|Perl: the Markov chain saw|
Re^4: What's it with Perl Syntax ?!by ELISHEVA (Prior)
|on Feb 17, 2011 at 09:09 UTC||Need Help??|
The issue that concerns me is that those Gui-less jobs are almost always back-end jobs that are cost-centers. Although back-end systems are almost always mission critical, in nearly any corporation there is very significant pressure to keep cost-center budgets down. This has one of two effects on programmers:
First, if it is easy to find workers (because there are lots of Perl experts out there), it pushes salaries down. Managers bargain harder for a lower salary. If they don't get that lower salary from one candidate they like, they will be more willing to trade time for money and search for one they like as much but who is less pushy about pay. Since workers are plentiful it won't be that much extra time. Alternatively, if there is a second cheaper candidate who can do the job adequately but not as well, they will trade expectations for money and accept the less qualified but cheaper candidate.
Second, if it is not easy to find competent workers, salaries will remain high. In fact, they may even be higher than average, a situation developing with COBOL. According to payscale.com, the average COBOL salary in NYC is US $87,623. The average Perl salary is US $79,480. Ruby, Php, and Python for all their sex-appeal are also lower than COBOL.
However, the pressure to keep costs down will still remain. If salaries can't go lower, then the only other option is to reduce the dependence on such a high cost language. New projects will only use Perl if there is no other viable choice. There aren't a lot of projects where Perl would be the only possible choice. Better and more elegant doesn't cut it when team and long term maintenance costs are 10-30% higher than for that other less perfect language. Further, since the high salaries are due to the difficulty of finding good people, managers might well turn away from Perl simply because it is much less hassle to find good people in that other less perfect language.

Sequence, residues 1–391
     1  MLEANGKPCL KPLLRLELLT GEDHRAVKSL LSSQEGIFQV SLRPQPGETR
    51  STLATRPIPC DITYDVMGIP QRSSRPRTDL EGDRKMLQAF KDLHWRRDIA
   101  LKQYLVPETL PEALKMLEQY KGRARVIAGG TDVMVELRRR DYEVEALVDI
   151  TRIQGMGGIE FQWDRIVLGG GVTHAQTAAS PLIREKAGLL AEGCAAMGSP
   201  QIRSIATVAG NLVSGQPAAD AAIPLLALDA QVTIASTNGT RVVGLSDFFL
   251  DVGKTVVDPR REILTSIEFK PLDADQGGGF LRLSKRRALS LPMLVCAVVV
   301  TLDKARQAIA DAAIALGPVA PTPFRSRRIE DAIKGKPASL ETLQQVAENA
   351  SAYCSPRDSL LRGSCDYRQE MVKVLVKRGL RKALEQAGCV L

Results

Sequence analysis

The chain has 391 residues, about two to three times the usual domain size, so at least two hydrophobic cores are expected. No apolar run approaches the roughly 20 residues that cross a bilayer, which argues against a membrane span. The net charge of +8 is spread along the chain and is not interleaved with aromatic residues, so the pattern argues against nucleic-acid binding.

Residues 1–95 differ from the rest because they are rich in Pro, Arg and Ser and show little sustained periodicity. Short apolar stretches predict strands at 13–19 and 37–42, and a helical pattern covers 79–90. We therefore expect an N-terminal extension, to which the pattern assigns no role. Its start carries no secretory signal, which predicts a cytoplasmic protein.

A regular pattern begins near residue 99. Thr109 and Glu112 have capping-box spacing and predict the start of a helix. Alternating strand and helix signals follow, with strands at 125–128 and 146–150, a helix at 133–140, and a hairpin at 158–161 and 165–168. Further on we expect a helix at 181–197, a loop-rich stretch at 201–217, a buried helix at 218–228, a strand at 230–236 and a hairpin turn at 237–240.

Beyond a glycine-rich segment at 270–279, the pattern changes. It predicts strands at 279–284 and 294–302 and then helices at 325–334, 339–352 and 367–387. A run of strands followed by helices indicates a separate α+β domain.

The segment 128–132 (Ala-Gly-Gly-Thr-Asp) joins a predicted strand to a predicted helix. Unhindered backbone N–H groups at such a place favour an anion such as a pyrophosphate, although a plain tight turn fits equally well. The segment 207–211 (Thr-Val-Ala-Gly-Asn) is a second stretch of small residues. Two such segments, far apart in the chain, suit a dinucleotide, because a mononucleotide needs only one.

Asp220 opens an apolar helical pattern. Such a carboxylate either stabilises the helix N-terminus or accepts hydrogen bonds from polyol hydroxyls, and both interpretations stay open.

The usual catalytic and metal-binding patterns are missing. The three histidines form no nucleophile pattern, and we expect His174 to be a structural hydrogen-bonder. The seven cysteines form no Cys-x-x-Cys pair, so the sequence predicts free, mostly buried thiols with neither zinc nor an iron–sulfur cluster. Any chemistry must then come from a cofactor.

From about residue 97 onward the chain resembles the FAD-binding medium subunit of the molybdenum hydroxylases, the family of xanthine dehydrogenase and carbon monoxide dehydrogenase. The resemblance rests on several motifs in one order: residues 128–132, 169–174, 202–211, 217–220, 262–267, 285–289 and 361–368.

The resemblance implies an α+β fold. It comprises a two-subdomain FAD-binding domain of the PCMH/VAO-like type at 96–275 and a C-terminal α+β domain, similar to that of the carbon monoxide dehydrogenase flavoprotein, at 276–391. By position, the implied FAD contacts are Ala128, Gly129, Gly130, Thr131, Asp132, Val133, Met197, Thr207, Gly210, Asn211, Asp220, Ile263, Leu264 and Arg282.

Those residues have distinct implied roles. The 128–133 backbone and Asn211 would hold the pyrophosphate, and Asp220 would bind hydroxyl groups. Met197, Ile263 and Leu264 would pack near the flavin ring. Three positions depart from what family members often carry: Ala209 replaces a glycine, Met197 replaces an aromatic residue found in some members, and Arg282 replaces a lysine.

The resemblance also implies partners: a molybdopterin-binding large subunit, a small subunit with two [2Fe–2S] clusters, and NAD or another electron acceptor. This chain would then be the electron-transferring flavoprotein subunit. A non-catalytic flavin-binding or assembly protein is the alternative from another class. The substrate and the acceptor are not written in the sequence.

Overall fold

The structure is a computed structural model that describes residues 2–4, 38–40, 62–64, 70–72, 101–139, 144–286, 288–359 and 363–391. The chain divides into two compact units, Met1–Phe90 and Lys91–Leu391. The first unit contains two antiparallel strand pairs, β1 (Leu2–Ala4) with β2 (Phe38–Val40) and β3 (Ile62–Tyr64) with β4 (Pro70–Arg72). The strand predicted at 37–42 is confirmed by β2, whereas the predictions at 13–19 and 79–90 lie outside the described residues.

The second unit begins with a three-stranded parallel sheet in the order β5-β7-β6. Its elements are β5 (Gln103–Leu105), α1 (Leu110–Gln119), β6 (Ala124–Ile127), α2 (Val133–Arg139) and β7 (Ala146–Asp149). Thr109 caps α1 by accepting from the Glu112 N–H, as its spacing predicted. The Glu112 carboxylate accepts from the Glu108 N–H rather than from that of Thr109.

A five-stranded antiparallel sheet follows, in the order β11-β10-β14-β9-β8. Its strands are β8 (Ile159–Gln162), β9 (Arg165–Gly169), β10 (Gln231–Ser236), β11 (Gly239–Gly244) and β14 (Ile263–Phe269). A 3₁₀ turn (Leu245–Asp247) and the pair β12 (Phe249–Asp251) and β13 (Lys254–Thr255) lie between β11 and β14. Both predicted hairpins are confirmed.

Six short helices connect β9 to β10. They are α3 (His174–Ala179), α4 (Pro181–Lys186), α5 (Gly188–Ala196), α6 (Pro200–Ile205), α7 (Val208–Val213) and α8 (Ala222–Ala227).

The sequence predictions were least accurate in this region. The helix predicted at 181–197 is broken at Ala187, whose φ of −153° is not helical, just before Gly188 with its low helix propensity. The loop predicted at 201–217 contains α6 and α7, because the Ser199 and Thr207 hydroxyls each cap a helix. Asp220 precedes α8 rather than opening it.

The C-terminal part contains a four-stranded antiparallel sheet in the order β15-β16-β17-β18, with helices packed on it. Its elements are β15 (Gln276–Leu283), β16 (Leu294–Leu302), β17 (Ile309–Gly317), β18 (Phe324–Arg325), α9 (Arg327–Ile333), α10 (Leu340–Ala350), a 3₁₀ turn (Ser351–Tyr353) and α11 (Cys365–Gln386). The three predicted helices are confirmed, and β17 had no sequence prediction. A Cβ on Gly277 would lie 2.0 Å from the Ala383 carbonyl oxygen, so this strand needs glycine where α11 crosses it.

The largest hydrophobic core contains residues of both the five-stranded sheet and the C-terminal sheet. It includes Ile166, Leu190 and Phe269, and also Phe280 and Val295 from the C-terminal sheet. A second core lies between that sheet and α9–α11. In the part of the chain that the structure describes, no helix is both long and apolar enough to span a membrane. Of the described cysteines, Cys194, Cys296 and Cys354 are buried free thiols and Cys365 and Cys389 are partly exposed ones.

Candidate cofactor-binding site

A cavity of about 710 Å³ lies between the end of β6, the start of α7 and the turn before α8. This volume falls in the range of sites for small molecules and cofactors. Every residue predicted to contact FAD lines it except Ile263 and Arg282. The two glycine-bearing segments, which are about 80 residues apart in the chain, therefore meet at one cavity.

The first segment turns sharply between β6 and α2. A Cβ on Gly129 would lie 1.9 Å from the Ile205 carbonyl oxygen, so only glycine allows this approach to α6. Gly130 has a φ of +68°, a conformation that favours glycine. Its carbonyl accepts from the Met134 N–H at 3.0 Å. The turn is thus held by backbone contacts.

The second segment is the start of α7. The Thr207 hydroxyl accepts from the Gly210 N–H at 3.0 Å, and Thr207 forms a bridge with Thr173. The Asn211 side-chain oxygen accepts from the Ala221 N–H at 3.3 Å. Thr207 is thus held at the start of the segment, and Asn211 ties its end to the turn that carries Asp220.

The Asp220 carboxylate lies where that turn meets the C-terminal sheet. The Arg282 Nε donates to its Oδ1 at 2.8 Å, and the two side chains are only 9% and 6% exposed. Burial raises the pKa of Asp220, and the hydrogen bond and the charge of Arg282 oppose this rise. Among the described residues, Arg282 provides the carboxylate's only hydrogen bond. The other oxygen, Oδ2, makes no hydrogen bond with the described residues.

If salaries and search costs for good people are high, there will also be significant pressure to replace legacy Perl systems so the installed base of Perl (and the jobs they supply) will also eventually dwindle. Just as businesses today are eager to get rid of COBOL systems whenever practical, they will start looking to replace their Perl systems as well. When business needs change they will lean towards rewrites/enhancements in a new cheaper language rather than make choices that further lock them into Perl for the long term. That warehouse distribution system (and Perl) is there, but for how long?
Don't get me wrong. There is a lot of money to be made at the bottom of the food chain supporting legacy systems. Some companies have been very successful at it. However, it is a niche market and the successful people know they are taking advantage of the dying and will have to move onto the next generation of legacy languages when the COBOL market shrinks too much.
It is taking COBOL a long time to die out, maybe even a (human) generation or two. For our lifetime and our careers there will be plenty of Perl jobs, but for Perl as a language, being relegated to the backend either means lower salaries or lower lifespan. Take your pick.